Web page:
How to gift money without being taxed


How to gift money without being taxed 

Many of us, in our lifetime, may want to give our family or friends some money. Perhaps you want to help a child purchase a new home, invest in a new business venture or simply treat them and show them that you care. Whatever the reasons are, they are undoubtedly incredibly worthy ones. This only makes it all the more frustrating when this money is taxed, which can often be mitigated, or certainly, reduced when planned appropriately. 

Therefore, before giving any money we would recommend reading Comparo’s guide for some helpful hints on how to avoid paying tax when you gift money.

Are there any recipients who I can gift money to tax-free?

Who you are giving the money to makes a great deal of difference. Essentially, the law dictates three exceptions to the rule of being taxed for gifting money:

  1. Spouses – According to the law you are able to gift money to your spouse completely tax-free unless you did not live together that tax year. 
  2. Civil Partners – The same legislation applies to civil partners as to spouses. 
  3. UK Charities – there is absolutely no limit on the amount of money you can give to a charity tax free. Not only that, but you can also receive some tax relief on your income for gifting money to charity. In fact, if you leave at least 10% or more of the net value of your estate, you can, with some careful planning, reduce the rate of your inheritance by 30% to 40% on certain assets.

This means you have to be mindful of who you are giving the money to, as funds accepted by a child or friend could well face tax. 

How much money can I gift without paying tax?

According to (UK Law) every UK citizen may receive an annual gifting allowance of £3,000 which they are able to gift guilt-free, after this point they will face tax. You can actually carry this forward one year, which means if you didn’t make a payment in say 2018 you could make a payment of £6,000 in 2019. However you can’t save for a number of years and give away one lump payment, the absolute maximum would be two years. 

You are also permitted to give away small tax free gifts to as many recipients as you like, with the first £250 being utterly tax free. However, if this is given to the same person who has already benefited from your £3,000 tax free gift, you would then have to pay tax. 

How much money can I leave to my loved ones without being taxed?

This really lies at the entire heart of the reason for the strict taxation on gifting. Really, it is to prevent individuals from avoiding inheritance tax by gifting their entire estate before they die.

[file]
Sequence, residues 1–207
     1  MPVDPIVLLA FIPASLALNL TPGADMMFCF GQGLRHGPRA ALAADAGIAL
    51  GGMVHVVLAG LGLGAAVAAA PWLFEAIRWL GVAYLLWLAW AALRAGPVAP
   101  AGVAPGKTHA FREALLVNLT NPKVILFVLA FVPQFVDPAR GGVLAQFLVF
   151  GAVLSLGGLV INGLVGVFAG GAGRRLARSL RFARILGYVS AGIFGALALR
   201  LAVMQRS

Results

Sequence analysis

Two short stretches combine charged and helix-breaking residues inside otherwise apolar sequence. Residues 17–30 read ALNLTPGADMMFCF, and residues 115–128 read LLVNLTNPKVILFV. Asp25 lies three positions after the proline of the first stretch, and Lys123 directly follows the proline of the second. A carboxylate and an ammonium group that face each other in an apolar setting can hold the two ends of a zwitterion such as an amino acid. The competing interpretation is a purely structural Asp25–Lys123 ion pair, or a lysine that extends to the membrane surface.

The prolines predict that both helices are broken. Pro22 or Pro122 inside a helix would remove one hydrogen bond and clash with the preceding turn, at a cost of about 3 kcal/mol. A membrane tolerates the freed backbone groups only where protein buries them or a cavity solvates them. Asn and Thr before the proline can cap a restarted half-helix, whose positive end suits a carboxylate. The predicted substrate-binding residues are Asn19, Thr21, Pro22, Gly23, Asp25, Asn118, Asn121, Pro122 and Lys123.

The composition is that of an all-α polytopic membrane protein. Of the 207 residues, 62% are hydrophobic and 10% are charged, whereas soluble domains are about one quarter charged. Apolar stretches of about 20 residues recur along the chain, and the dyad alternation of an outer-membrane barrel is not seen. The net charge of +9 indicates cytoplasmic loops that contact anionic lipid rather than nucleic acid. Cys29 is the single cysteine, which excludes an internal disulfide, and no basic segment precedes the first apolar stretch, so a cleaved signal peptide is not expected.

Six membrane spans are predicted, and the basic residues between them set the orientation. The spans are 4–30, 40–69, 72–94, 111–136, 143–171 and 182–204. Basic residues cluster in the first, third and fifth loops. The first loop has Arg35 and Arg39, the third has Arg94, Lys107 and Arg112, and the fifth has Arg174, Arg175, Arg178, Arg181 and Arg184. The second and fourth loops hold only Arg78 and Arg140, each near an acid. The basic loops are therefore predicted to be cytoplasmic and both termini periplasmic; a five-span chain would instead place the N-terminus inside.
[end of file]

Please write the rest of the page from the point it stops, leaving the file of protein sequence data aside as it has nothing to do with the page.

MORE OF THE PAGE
This means that if you gift the money more than seven years before you die it is tax free. Obviously…this one is slightly more difficult to organise. Hindsight here, being valuable, if not implausible. 

That being said if you do die between three and seven years after gifting the money, the tax is slightly reduced and known as taper relief. 

With tax relief the first £325,000 is exempt from inheritance tax, but any sum that exceeds that amount is taxable at 40%. However, if you are married you can pass your entire estate over to your spouse without being taxed. 

There are also a number of other assets that are exempt from tax on inheritance, which include:

  • Business: this will depend on how much of the business you own, but 50-100% of this may be eligible for tax relief. 
  • Agricultural and woodland property: Admittedly not something that is a huge concern for most of our readership, neither agricultural nor woodland property are taxable. However, the trees on woodland property are subject to tax if the they are sold or given away as timber. 
  • Heritage assets: If you own a building, land or objects of national, scientific historic or artistic importance you could claim relief from inheritance tax. However, this is the case in every situation. 

How much money can I give as a wedding gift without being taxed?

This is an option that can be tax exempt, but only within certain parameters. Anyone can give up to £1,000 tax free, a grandparent can give up to £2,500 whilst a parent can gift up to £5,000.

However, if the wedding is called off (obviously before the ceremony) you would then need to pay tax on the gift so it might be worth waiting to the day itself. 

What gifts can I give without being taxed?

There are certain other gifts that are not taxed, including: 

  • Maintenance for a husband, wife or civil partner.
  • Maintenance for an ex-husband, ex-wife or civil partner. 
  • Maintenance for relatives who are dependent on you.
  • Maintenance for children under the age of 18 or in full-time education – However, that being said there is a limit to the amount of interest a child can earn from a gift. This is to ensure parents don’t abuse the system and simply gift their children money to avoid paying income tax on their own money. This means that children can earn up to £100 in interest on any money given to them by a parent without paying tax, after that it would be taxed as if it is the parents’ income. Moreover, this only applies for parental income and is not applicable for grandparents or relatives. 
  •  Any monthly or regular payments. 
  • Regular gifts for celebrations such as Christmas or Birthdays. 
  • Premiums on life insurance premiums. 

Of course, as with all questions of this nature we would advise speaking to a legal professional or an accountant to get a more bespoke answer to your questions. As with anything tax related, you absolutely don’t want to fall foul of HMRC as fines can be strict, and will be enforced to the full letter of the law.

Before you’re ready to gift your cash, you may be interested in looking into comparing the best rates on some long and short term savings accounts, so please do feel free to take a look at our instant comparison page here


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